An eyewitness to Target: ʼʼDon’t send bread, Jindires has become a ghost town’

Target Media Platform – Ahmed Katma

An eyewitness among the local Kurdish residents of the Jindires region, located in the Southwest of Afrin in Northwestern Syria, provided details of events that have recently taken place after the devastating February 6 earthquake with the epicenter in Pazarcik/Kahramanmaras.

The eyewitness told the Target Media Platform: “We are residents of Jindires, but we currently live in the surrounding villages because nobody dares to return. My son-in-law and his daughter died in the earthquake while we were able to save my daughter and her child.”

The magnitude of the earthquake at the epicenter reached a magnitude of 7.8 on the Richter scale and is considered to be one of the strongest earthquakes to hit the region in the past eight decades. As of Sunday morning, more than 24,000 people had died in Turkey alone.

The eyewitness continued: “On the night of the earthquake it rained and we called out to the survivors and when we heard the voices of those buried, we worked together to rescue them as quickly as possible. Because of the lack of technical possibilities, we started to remove the rubble with primitive means and objects. Later, a group of al-Sharqiya members (armed opposition faction from the SNA, ed.) used bulldozers and removed the rubble from their relatives while we waited for them to finish. After that, they came and took our sons out, but they were already dead.”

Turkey occupied the predominantly Kurdish region of Afrin in Northwestern Syria after launching a military operation under the title Operation “Olive Branch” on January 20, 2018, which lasted until March 18, 2018. The Syrian Kurds speak of a “heroic resistance“, displayed by their fighters in 58 days of bitter fighting, in which the air force decided the fight in favor of Turkey and the Syrian opposition factions it supported.

The eyewitness also recounted the discriminatory character of the rescue operations against the original residents of Jindires: “Each party was on its way to rescue its relatives. There were good and bad people present. The bad people didn’t provide any help, and some of them, under the threat of gunfire, grabbed the bulldozers to save their relatives. We helped some of them to get our turn. Everyone was included.”

Regarding theft and looting in Jindires, he said that they heard about the looting, but it was conducted by people who were later settled there and did not belong to the original Kurdish population. “Aid is coming from areas, unaffected by the earthquake. There are also Arabs who are poor and receive no help. It can be said that the aid goes to those who are in charge here (referring to the preference given to the families of armed groups who receive food rations for the region, ed.)”.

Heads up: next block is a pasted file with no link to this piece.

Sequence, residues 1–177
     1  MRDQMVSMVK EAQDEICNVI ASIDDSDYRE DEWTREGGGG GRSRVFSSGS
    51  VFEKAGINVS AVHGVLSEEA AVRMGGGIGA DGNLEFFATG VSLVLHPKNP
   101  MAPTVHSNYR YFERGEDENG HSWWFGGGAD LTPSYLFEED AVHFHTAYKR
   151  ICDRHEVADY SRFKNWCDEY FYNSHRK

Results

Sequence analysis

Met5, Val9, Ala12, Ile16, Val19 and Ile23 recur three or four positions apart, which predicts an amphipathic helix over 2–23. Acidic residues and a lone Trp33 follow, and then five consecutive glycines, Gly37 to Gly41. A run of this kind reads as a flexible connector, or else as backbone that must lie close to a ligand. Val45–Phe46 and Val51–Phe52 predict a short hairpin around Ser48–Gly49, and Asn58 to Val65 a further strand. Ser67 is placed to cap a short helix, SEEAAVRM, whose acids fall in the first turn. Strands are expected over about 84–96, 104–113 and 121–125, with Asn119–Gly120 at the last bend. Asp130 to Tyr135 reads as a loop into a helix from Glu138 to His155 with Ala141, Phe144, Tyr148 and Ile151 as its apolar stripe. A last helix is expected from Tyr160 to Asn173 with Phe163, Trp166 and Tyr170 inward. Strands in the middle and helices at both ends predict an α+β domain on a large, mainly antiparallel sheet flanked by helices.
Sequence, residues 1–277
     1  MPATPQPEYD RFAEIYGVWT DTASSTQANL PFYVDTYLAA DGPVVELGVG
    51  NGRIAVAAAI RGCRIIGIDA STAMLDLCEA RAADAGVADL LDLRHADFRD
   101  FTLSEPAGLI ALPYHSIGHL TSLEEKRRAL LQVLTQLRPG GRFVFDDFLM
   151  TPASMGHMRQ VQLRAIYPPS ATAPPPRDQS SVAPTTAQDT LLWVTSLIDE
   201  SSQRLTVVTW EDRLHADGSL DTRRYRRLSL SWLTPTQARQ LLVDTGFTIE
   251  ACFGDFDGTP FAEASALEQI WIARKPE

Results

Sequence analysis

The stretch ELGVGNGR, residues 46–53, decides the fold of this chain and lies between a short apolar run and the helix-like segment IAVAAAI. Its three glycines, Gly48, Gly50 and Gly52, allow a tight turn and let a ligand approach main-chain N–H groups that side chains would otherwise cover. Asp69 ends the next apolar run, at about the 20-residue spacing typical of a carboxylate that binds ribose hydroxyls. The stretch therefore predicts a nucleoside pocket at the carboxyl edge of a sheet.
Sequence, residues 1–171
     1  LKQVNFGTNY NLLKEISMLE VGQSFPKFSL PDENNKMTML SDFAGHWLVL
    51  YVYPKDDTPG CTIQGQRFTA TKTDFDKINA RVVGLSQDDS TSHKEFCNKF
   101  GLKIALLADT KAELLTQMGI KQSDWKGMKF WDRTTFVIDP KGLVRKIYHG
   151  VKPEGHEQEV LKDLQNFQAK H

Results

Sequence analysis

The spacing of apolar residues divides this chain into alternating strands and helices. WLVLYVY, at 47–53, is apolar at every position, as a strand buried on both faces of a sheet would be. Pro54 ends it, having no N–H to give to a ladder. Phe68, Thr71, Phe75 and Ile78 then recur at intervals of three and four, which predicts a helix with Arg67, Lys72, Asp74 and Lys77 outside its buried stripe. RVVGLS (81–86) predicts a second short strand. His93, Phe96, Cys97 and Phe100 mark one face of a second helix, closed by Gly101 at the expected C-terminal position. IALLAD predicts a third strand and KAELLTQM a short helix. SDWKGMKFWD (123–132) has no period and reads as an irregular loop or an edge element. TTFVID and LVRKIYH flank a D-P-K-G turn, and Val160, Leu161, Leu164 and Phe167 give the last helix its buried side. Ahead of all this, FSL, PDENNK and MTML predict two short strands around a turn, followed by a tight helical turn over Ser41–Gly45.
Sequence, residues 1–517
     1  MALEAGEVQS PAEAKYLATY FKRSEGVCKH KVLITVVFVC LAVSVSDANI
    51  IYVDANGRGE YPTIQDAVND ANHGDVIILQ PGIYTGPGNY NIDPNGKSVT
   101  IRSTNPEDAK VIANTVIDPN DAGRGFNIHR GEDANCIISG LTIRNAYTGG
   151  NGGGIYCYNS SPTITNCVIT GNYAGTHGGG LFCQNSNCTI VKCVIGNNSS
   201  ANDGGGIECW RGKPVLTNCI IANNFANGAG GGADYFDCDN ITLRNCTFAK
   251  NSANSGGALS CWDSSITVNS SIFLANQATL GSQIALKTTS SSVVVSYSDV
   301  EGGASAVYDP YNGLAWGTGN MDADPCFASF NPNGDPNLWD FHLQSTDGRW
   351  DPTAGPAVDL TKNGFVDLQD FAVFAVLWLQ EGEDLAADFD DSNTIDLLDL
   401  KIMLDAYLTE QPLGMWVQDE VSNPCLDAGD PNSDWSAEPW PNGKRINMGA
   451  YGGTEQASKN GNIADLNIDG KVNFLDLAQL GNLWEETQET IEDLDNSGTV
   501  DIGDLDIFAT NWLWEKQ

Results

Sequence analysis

The eyewitness appealed to the donors and volunteers who want to help in Jindires to support them with financial help as the rest of the aid would never reach them, explaining that the best way is to join a group of “conscientious” people in Jindires so that they can help those affected fairly. He added: “Do not send any bread, tea, blankets or other materials, because our people (Kurds of the region, ed.) will not receive any of them“.

Regarding the general condition of Jindires and the destruction of the city, he told Target: “You can say that Jindires has become a ghost town and entire families have been victims of the earthquake. In terms of fabric, there are around 290 buildings in the center of Jindires, of which around 260 have been destroyed while the rest have been damaged and have become uninhabitable.”

He further spoke about the victims of the earthquake concerning the population structure of Jindires. The predominantly Kurdish population of the Afrin region was largely displaced during the Turkish invasion in 2018, with the resettlement of mostly non-residents and families of the armed opposition groups taking place at the same time. Referring to Jindires, he said: “We estimate that the percentage of Kurds before the earthquake was 30%, while 70% were resettled. I believe that the most affected are foreigners from the region, who mostly live in buildings that are now largely destroyed, while the majority of Kurds reside in simply constructed houses.“

He added: “One can say that the proportion of Kurds in the multi-story buildings (most of which are destroyed or demolished, ed.) is between 10 and 15%”. He further added: “If the Kurdish casualties in Jindires are around 500 to 600, then I believe the total civilian casualties can reach up to 3,000, especially since the Kurdish residents of the buildings are mainly composed of small families, such as B. newly wed couples”.
Sources from the Target Media Platform in Jindires and anonymous sources said that gunmen, supervising the salvage and clean-up operations took advantage of this disaster for looting and robbery and continued to say, “The gunmen and settlers are stealing jewelry and money from the corpses of the victims and their abandoned homes”.


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